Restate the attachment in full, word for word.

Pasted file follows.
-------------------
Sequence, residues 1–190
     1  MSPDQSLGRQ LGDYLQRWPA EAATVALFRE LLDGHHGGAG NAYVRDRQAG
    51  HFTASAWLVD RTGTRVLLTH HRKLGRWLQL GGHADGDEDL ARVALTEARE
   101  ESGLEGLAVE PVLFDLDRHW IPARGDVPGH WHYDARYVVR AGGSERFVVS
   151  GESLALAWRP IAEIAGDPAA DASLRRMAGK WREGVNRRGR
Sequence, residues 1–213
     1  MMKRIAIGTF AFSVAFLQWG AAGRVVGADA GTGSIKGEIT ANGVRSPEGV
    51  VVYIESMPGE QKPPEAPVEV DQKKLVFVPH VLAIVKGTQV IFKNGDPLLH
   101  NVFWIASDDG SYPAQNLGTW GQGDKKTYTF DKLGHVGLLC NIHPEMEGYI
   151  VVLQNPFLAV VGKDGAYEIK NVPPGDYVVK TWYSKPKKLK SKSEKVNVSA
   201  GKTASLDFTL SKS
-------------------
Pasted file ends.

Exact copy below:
Sequence, residues 1–190
     1  MSPDQSLGRQ LGDYLQRWPA EAATVALFRE LLDGHHGGAG NAYVRDRQAG
    51  HFTASAWLVD RTGTRVLLTH HRKLGRWLQL GGHADGDEDL ARVALTEARE
   101  ESGLEGLAVE PVLFDLDRHW IPARGDVPGH WHYDARYVVR AGGSERFVVS
   151  GESLALAWRP IAEIAGDPAA DASLRRMAGK WREGVNRRGR
Sequence, residues 1–213
     1  MMKRIAIGTF AFSVAFLQWG AAGRVVGADA GTGSIKGEIT ANGVRSPEGV
    51  VVYIESMPGE QKPPEAPVEV DQKKLVFVPH VLAIVKGTQV IFKNGDPLLH
   101  NVFWIASDDG SYPAQNLGTW GQGDKKTYTF DKLGHVGLLC NIHPEMEGYI
   151  VVLQNPFLAV VGKDGAYEIK NVPPGDYVVK TWYSKPKKLK SKSEKVNVSA
   201  GKTASLDFTL SKS